The Wagner Manufacturing Company that became such a cornerstone of Sidney, Ohio, all started with a German immigrant named Matthias Wagner, who moved to the United States in 1838 and began working on the Shelby County Canal.
The work was hard and the pay was low at only $1 an hour, so Matthias tried his hand at raising cattle and hogs.
A savvy businessman, he soon realized that Sidney was growing rapidly, so he made some smart real estate investments and soon became the wealthiest man in town.
In 1863, he added a hotel to his entrepreneurial list. The hotel was the best around and even boasted a ballroom on the third floor.
Wagner and his wife Mary Routh raised 12 children. However, two of Wagner’s sons, Milton and Bernard, did not want to follow in their father’s footsteps.
Instead, they wanted to create their own manufacturing company. So, in 1890, construction work began on a new factory at 440 Fair Road, Sidney. This would become known as the Wagner Ware building.
The project was under the direction and supervision of architect Joseph Altenbach. Not only was Joseph known for his work on many large buildings in the city, but he was also a good friend of the family.
In 1891, Louis and William Wagner joined their brothers and incorporated the Wagner Manufacturing Company. RO Bingham joined the company as superintendent due to his experience working at the Marion Stove Works and the Sidney Manufacturing Company.
Wagner Manufacturing Company began producing cookware. Initially, it produced standard cast iron products, but in 1892, it added nickel-plated items to its production line.
In 1894, the company became the first of its kind to manufacture cast aluminum cookware such as casserole dishes, baking trays, and kettles.
Business was booming, and the Wagner company became such an important producer of iron and aluminum products that it ended up dominating the cookware market with a 60% share. It also won several international awards.
The company also began to diversify. As well as cookware, items such as furnace grates and rubbish burners were added to the ever-expanding inventory. The company’s products became very popular and consequently were sold not only in the United States but also in Europe from 1913.
However, even the prosperous Wagner company did not escape the effects of the Great but began to see falling sales during that period. In an effort to revitalize business, the company recruited John Gordon Rideout to redesign their products.
Together with Harold Van Doren, Rideout designed two Magnalite products: a kettle with varying thickness to heat the water evenly and a covered casserole dish. This line has grown to be huge, and Magnalite products are still produced today.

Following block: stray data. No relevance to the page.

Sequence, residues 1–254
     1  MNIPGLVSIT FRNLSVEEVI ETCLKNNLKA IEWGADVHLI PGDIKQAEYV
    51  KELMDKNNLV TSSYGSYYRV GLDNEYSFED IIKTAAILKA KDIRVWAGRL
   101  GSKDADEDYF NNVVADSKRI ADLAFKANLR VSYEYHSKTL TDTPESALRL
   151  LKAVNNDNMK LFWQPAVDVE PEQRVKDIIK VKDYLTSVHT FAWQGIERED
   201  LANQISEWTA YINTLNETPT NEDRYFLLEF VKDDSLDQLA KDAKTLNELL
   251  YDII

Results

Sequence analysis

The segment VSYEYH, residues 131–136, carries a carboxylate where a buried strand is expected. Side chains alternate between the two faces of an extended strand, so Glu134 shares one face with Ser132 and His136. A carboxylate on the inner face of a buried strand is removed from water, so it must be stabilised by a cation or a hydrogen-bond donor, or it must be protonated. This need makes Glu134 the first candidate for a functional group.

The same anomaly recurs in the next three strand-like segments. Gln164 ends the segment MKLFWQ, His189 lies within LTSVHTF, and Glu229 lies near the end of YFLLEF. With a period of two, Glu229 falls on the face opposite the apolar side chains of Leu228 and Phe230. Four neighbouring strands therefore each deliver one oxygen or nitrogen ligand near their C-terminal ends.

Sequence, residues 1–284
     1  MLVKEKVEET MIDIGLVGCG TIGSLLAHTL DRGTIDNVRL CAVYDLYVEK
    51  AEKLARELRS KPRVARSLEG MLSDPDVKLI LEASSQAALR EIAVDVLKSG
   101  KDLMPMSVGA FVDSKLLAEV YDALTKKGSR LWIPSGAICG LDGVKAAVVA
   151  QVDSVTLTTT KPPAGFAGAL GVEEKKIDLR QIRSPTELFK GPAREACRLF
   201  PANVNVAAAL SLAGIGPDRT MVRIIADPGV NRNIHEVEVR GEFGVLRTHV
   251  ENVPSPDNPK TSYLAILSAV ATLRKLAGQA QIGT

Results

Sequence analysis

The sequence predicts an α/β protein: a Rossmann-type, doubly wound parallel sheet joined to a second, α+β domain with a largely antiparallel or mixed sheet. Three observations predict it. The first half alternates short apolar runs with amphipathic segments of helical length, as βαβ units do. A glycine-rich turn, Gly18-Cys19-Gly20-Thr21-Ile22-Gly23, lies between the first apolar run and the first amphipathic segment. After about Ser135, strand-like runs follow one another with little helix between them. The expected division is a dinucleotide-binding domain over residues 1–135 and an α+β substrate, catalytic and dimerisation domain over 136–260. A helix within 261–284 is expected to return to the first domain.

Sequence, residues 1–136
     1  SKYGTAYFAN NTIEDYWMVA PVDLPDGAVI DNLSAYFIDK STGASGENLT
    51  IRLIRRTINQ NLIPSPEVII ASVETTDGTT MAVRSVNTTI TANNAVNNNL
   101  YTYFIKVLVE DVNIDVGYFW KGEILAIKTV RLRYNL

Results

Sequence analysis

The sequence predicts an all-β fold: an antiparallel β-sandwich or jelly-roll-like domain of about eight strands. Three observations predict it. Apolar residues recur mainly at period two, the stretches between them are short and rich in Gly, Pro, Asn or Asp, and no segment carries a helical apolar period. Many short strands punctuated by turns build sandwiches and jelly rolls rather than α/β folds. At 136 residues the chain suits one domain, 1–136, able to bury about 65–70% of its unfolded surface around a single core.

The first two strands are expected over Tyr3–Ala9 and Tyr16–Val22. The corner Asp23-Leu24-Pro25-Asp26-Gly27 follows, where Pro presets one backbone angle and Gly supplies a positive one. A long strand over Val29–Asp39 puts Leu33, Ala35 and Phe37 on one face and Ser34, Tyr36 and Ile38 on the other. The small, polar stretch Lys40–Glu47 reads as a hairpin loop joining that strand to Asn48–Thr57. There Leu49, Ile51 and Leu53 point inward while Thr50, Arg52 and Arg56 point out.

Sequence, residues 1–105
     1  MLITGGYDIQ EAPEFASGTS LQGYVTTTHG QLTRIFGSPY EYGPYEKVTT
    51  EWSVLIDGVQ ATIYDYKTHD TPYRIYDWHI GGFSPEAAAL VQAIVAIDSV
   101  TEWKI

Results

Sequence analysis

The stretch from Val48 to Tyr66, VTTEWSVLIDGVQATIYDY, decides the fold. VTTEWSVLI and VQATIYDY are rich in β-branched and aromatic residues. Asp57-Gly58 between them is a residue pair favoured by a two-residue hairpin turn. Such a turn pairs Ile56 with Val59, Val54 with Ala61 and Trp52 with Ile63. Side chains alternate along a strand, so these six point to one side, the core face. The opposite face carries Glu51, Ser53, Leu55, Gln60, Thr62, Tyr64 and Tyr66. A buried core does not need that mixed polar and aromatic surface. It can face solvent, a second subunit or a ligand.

In the 1940s, the company was owned by the heirs of the founding brothers. From 1946 onwards, the owners started divesting themselves of their shares, so the company was no longer a family-run business.
Instead, the company passed through various hands until it ended up being owned by American Culinary, a company that continues to produce Wagner products today.
Nowadays, Wagner products are highly valued items to collectors, especially the cast iron skillets and dutch ovens, as well as the original Magnalite range that Rideout and Van Doren designed.
All Wagner products have the name Wagner and “Sidney, Ohio” stamped on their base because the brothers wanted to put their hometown on the world map.
However, despite the popularity of the range, production was moved away from the Wagner Ware factory in Sidney.
The land passed through several owners until it was permanently closed in 2008. By then, it was owned by Master Vision Polishing. After a wall fell down, all the buildings on the site were deemed too hazardous for the workers inside.
After the factory was abandoned, Master Vision Polishing did nothing to maintain the site, and the neglected state of the buildings was a great headache to Sidney officials.
The cost of demolishing the buildings could be up to $1.5 million, while an extra $350,000-600,000 would need to be spent on soil remediation to make the site usable.
Visitors to the Wagner Ware factory will likely find a boarded-up building wrapped in security tape. Those who do manage to get inside will likely be met by disintegrating floors.
However, with a security system in place that alerts the police to any intruders, even seasoned urban explorers would be wise to give this place a miss.
In 2018, a group of urban explorers managed to access the building and posted a YouTube video about their visit, prompting police to try and track them down and prosecute them for criminal trespassing.
The police chief said the trespassers were not just putting themselves in danger, they were also risking the lives of any first responders who might be called to the site.
In December 2019, the Wagner Ware building was in the news once again when part of it collapsed on Christmas Day. News reports said Master Vision Polishing was going to be invoiced for the clear-up work and the emergency demolition of part of the building that was necessary in the wake of the accident.
William McLaughlin kindly granted us permission to use his photographs of the abandoned Wagner Ware building. He is a photographer who specializes in exterior and interior shots of abandoned buildings.
William describes how his hobby has brought him to have a passion for industrial architecture and old mechanisms often concealed inside. You can check out his abandonment photography on his website, as well as his photographs of macro objects, severe weather events, and indoor sports like table tennis on his Flickr account.